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Raglan wastewater treatment plant goes solar

Solar power will soon be offsetting the power used at Raglan’s wastewater treatment plant.  

The solar array, made up of 392 interconnected solar panels, is an important project towards reducing Waikato District Council’s greenhouse gas emissions. 

With an expected 30-year life cycle, each solar panel delivers 460 watts. These panels connect to two 110kW inverters which convert the direct current power to the alternating current electricity and feed the power directly back into the grid.  

The project began in late August, led by Waikato District Council and water delivery partner, Watercare, in a joint venture with Vector Powersmart.

Council’s General Manager, Service Delivery, Roger MacCulloch acknowledges the importance of using solar power and says it is a step forward in Council’s climate action response. 

“The solar array will generate sufficient power to cover the total water and wastewater energy usage costs within Whaingaroa, an important step in Council’s commitment to reducing operational emissions,” says Mr MacCulloch.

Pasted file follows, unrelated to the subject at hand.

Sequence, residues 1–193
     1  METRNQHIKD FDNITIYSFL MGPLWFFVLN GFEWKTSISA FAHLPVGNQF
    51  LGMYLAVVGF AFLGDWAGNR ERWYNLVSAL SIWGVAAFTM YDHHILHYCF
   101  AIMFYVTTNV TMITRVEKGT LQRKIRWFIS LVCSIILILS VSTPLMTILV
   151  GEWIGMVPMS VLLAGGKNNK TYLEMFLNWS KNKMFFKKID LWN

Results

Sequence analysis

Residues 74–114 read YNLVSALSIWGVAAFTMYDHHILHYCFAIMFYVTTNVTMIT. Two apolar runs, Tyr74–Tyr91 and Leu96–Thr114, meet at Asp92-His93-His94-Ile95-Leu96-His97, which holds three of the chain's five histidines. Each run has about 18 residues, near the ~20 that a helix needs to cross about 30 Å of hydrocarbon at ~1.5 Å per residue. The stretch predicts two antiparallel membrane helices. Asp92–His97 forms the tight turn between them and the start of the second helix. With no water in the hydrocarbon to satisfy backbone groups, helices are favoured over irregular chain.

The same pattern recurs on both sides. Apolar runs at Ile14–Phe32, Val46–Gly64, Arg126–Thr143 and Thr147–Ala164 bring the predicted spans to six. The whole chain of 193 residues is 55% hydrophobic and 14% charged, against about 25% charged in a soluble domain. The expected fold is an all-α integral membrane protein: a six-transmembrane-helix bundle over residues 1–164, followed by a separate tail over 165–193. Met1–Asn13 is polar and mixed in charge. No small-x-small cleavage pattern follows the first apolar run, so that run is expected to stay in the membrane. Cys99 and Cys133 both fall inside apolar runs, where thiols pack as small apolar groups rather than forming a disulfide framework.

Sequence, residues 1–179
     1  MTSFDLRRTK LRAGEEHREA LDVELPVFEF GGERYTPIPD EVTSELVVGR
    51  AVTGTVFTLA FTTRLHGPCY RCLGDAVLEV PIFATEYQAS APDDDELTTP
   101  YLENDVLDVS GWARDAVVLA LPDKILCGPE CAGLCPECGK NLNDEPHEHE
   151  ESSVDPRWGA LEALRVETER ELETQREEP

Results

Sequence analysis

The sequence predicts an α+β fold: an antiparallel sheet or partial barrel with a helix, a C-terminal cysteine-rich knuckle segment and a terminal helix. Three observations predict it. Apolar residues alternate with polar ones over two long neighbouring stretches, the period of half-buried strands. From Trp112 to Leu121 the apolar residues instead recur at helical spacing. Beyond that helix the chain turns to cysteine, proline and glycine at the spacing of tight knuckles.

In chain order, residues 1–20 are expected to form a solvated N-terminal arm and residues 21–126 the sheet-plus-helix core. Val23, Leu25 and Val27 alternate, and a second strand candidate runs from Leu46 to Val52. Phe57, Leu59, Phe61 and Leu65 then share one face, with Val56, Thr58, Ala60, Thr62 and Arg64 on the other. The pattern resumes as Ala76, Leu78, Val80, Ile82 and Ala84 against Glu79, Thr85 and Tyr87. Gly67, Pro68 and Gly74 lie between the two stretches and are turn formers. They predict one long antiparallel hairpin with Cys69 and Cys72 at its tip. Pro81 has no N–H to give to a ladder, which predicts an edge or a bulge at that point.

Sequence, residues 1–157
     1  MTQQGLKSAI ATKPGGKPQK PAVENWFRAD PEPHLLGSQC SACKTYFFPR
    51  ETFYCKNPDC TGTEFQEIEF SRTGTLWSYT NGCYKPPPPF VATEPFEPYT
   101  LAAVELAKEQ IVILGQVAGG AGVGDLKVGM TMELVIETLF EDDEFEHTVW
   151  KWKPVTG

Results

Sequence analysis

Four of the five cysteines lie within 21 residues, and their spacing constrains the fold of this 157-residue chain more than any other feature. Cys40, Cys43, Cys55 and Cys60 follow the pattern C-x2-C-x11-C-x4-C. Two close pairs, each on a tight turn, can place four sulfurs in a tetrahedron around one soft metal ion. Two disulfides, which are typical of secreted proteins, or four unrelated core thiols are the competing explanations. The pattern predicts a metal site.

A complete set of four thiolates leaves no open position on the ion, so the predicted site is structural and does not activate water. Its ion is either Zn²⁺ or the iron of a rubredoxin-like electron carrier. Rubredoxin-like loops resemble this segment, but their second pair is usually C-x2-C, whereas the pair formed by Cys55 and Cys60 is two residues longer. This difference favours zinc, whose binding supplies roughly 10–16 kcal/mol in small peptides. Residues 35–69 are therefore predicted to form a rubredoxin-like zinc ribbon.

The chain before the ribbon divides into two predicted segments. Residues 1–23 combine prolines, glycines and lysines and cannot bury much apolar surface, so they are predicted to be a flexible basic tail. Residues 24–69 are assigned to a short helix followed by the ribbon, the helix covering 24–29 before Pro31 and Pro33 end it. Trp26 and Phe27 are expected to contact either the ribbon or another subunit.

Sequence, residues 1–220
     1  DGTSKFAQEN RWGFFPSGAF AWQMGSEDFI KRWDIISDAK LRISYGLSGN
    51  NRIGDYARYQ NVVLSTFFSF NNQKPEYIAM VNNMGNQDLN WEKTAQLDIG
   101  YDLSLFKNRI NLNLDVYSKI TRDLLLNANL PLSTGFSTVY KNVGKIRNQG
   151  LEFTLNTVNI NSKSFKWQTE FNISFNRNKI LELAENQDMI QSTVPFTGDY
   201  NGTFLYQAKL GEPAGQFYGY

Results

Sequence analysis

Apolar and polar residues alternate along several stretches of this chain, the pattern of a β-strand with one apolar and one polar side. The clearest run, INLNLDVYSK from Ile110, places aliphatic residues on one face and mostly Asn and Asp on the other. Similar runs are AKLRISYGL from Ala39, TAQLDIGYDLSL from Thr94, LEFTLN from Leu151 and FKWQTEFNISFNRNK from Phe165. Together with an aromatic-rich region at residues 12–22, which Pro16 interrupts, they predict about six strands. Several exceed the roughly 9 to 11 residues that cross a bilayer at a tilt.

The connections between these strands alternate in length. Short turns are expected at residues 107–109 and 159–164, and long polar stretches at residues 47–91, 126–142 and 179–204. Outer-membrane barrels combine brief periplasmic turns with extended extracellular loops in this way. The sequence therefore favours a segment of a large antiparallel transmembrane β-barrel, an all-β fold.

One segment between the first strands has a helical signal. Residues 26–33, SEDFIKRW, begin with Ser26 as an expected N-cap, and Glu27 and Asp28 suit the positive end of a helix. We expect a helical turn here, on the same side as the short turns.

The solar panels at Raglan generate power to operate the wastewater treatment plant and surplus generation is fed into the national grid.

Senior Advisor for Climate Action, Rachael Goddard is pleased to see Council committing to initiatives that address climate change climate, whilst delivering on an important aspiration of the Whaingaroa community.  

“The project aligns to the ongoing work Council is doing around planning adaptation and mitigation to build resilience around climate change. 

“It is encouraging to see Waikato District Council leading various operations projects that support New Zealand’s climate change commitments to reducing carbon dioxide emissions by 50% by 2030,” says Ms Goddard. 

The solar array project is expected to be completed in the next few weeks.